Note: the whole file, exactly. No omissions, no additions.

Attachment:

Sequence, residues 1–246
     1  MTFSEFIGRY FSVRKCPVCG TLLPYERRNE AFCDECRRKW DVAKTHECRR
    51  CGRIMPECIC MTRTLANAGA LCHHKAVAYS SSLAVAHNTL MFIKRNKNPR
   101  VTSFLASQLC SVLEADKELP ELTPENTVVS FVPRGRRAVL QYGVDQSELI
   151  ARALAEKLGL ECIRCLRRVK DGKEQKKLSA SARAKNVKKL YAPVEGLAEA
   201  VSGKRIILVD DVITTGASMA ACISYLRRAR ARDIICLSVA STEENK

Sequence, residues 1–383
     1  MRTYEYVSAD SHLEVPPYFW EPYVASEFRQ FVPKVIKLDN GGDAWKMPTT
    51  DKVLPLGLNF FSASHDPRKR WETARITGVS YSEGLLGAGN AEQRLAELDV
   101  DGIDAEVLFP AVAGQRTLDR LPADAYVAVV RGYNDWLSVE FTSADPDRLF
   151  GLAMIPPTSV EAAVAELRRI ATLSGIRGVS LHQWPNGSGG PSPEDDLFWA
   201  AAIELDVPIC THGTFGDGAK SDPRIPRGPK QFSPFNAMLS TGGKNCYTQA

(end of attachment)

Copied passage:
Sequence, residues 1–246
     1  MTFSEFIGRY FSVRKCPVCG TLLPYERRNE AFCDECRRKW DVAKTHECRR
    51  CGRIMPECIC MTRTLANAGA LCHHKAVAYS SSLAVAHNTL MFIKRNKNPR
   101  VTSFLASQLC SVLEADKELP ELTPENTVVS FVPRGRRAVL QYGVDQSELI
   151  ARALAEKLGL ECIRCLRRVK DGKEQKKLSA SARAKNVKKL YAPVEGLAEA
   201  VSGKRIILVD DVITTGASMA ACISYLRRAR ARDIICLSVA STEENK

Sequence, residues 1–383
     1  MRTYEYVSAD SHLEVPPYFW EPYVASEFRQ FVPKVIKLDN GGDAWKMPTT
    51  DKVLPLGLNF FSASHDPRKR WETARITGVS YSEGLLGAGN AEQRLAELDV
   101  DGIDAEVLFP AVAGQRTLDR LPADAYVAVV RGYNDWLSVE FTSADPDRLF
   151  GLAMIPPTSV EAAVAELRRI ATLSGIRGVS LHQWPNGSGG PSPEDDLFWA
   201  AAIELDVPIC THGTFGDGAK SDPRIPRGPK QFSPFNAMLS TGGKNCYTQA